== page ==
Selecting a legal entity for your new venture
Sole trader versus limited company ? This is probably the first critical decision you will be faced with at the beginning of your new venture. To a large extent this decision will be determined by the way you want to organise your start-up and whether you intend to work on your own or in conjunction with others.
The legal entity you choose will have a significant impact on the way you are protected under the law, the way your business profits are taxed and the compliance obligations you will face. So lets take a dive into the details of trading as sole trader versus limited company.
There are three basic forms of business organisations, sole trader, partnership and limited company. Each has its own benefits and drawbacks and are treated differently for legal and tax purposes. I would not recommend a partnership to any start-up so I am just focusing on the main differences of trading as a sole trader versus limited company.
A sole trader is typically a business owned and operated by one individual. A sole trader is not considered to be a separate legal entity under the law, but rather is an extension of the person who owns it. The owner has possession of the business assets and is directly responsible for the debts and other liabilities incurred by the business. The profit or loss of a sole trader is combined with the other income of an individual for income tax purposes.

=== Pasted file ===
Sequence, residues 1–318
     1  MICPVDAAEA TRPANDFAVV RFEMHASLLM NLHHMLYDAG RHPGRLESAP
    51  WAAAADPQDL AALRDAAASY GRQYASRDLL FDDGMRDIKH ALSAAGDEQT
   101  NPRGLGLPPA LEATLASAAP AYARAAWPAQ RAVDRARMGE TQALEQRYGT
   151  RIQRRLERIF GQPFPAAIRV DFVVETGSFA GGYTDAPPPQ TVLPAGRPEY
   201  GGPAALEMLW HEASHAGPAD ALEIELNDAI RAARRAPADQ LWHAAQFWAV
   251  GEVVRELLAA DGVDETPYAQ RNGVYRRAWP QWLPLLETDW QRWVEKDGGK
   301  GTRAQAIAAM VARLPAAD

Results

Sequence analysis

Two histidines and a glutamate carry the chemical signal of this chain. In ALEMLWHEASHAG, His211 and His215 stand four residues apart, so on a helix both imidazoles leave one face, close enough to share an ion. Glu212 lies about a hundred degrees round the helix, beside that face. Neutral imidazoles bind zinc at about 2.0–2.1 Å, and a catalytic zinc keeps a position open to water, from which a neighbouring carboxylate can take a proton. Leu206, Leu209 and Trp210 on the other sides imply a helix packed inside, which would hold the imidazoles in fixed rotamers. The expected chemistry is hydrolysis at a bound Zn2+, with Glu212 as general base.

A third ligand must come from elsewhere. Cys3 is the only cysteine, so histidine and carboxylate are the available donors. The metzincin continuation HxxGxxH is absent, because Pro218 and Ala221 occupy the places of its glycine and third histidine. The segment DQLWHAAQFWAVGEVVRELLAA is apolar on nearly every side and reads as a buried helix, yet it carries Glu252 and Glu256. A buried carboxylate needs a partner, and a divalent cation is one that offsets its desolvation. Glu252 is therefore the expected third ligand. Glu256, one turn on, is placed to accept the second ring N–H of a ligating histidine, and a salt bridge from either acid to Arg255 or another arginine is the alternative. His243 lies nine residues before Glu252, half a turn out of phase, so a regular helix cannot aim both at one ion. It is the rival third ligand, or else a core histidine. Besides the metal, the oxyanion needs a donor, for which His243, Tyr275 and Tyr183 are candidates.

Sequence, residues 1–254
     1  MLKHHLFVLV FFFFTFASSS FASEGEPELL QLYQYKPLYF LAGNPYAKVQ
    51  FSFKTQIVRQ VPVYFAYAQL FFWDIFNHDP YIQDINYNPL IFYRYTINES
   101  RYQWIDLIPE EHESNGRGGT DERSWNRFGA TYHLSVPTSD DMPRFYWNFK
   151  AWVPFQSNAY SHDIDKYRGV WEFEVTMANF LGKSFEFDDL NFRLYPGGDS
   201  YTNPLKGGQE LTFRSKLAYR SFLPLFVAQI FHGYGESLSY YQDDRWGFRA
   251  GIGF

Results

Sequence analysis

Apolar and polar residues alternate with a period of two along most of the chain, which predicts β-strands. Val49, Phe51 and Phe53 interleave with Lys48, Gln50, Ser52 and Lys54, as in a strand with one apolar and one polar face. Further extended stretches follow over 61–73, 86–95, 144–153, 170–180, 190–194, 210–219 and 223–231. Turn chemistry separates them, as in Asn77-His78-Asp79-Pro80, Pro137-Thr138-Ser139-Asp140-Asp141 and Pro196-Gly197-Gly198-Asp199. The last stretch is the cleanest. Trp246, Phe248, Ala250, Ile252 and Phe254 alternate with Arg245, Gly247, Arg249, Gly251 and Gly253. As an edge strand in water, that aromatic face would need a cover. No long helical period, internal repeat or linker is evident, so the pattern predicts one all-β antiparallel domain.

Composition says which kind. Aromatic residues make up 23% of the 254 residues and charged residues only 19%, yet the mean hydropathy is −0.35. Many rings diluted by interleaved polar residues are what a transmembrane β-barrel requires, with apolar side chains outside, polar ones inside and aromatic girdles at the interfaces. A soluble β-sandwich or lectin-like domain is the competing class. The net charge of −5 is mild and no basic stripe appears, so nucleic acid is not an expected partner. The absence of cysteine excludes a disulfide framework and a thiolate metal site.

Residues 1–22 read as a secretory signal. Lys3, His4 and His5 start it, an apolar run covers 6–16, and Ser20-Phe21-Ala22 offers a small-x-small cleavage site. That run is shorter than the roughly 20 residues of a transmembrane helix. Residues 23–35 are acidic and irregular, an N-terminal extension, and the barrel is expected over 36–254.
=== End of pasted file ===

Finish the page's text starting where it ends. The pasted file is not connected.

A sole trader is perhaps the easiest form of business to own and operate because it does not require any specific legal organisation. A sole trader typically does not have any rules or operating regulations under which it must function other than those contained in industry specific regulatory licenses or permits. The business decisions are solely the result of the owner’s abilities. Most startups will begin life as a sole trader and transfer into a limited company at a later date when the limited liability protection of a company is required. I usually advise incorporation when the first employee’s are being hired or when credit facilities are advanced to the business by suppliers or banks.